Fear of non-cooperative “competitive devaluation” is an argument as long as fixed exchange rates rooted in the 1930s. That is why the architects of the post-war monetary order chose fixed exchange rates at Bretton Woods, NH, in 1944. But it is now used to argue that China should move from fixing to floating. US Congressmen don’t care about regimes; they just want a stronger RMB vs. $. Is the currency war metaphor appropriate Economic historians have decided competitive devaluation under 1930s conditions was not a problem after all. True, countries couldn’t all devalue against each other, But they could in addition to did all devalue against gold which worked to ease global monetary policy, just what was needed. Is the currency war metaphor applicable continued The same is true today: The Fed’s QE2 won’t just raise the money supply in the US; it will also loosen globally, to the extent that as long as eign central banks react by buying $ to prevent their own currencies from appreciating. which is what much of the world needs. For those who don’t need it, because they are already in danger of overheating, they can allow appreciation, in addition to so calibrate however much expansion they want. Multilateral cooperation is not necessary as long as this. Is the currency war metaphor applicable continued

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Indeed, the currency war critics seem to have as long as gotten the point of a global floating system: In some places (US), unemployment is high & inflation low, calling as long as easy monetary policy; In other places (China, Brazil, India ), economies are overheating, calling as long as tight monetary policy. The point of a floating system is to accommodate such inevitable macro divergences smoothly. No international cooperation is needed. Would this put unfair pressure on China to choose between inflation, if it continues to keep the RMB down, in addition to appreciation No. Perhaps China can continue to sterilize inflows awhile longer, e.g., raising bank reserve requirements. True, eventually it will have to give that up. But there is nothing unfair about making China choose between inflation in addition to appreciation. Monetary expansion by the US is perfectly legitimate especially at a time of deflation danger. If it puts pressure on China, that is far more clearly within the “rules of the game” than threatening tariffs. Other kinds of international cooperation are needed; the 1930s currency war metaphors are not totally misplaced: Currency war could turn into trade war if Congress follows through on legislation to impose (WTO-illegal) tariffs on China as punishment as long as non-appreciation. Until now, the US & G20 have held the line on protectionism compared to the milder recessions of 1991 & 2001, let alone the Smoot Hawley tariff of 1930. Is the currency war metaphor applicable continued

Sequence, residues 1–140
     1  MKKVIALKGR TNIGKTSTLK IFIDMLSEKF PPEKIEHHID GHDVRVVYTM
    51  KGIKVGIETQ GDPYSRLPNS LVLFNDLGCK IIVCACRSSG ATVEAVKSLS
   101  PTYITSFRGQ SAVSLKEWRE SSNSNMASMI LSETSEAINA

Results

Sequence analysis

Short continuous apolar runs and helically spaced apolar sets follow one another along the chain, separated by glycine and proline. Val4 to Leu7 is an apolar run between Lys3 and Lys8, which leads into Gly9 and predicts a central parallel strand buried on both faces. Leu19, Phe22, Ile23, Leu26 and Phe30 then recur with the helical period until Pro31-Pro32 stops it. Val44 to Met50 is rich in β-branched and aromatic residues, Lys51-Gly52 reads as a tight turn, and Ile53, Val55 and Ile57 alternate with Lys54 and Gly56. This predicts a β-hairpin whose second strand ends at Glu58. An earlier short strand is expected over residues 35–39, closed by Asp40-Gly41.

China would take some responsibility to reallocate its economy away from exclusive reliance on exports & manufacturing toward domestic consumption & services, health, education, housing, environment, insurance & other services. How By allowing the RMB to appreciate, but also by increasing domestic dem in addition to . Meanwhile, the US would ideally also take responsibility. Even while prolonging expansionary policy this year, including fiscal expansion designed with high bang- as long as -the-buck, the US should take steps today to lock in a future return to fiscal responsibility, e.g., by putting Social Security on a firm footing. Ideally the US & China would reach agreement on how to address current account imbalances: Will Unsustainable Current Account Deficits Lead to the End of Dollar Hegemony Some argue the US current account deficit is sustainable indefinitely. They believe that the US will continue to enjoy its unique “exorbitant privilege,” able to borrow unlimited amounts in its own currency because it is the dominant international reserve asset. “Bretton Woods II” Dooley, Folkerts-L in addition to au, & Garber (2003) : today’s system is a new Bretton Woods, with Asia playing the role that Europe played in the 1960s—buying up $ to prevent their own currencies from appreciating. More provocatively: China is piling up dollars not because of myopic mercantilism, but as part of an export-led development strategy that is rational given China’s need to import workable systems of finance & corporate governance.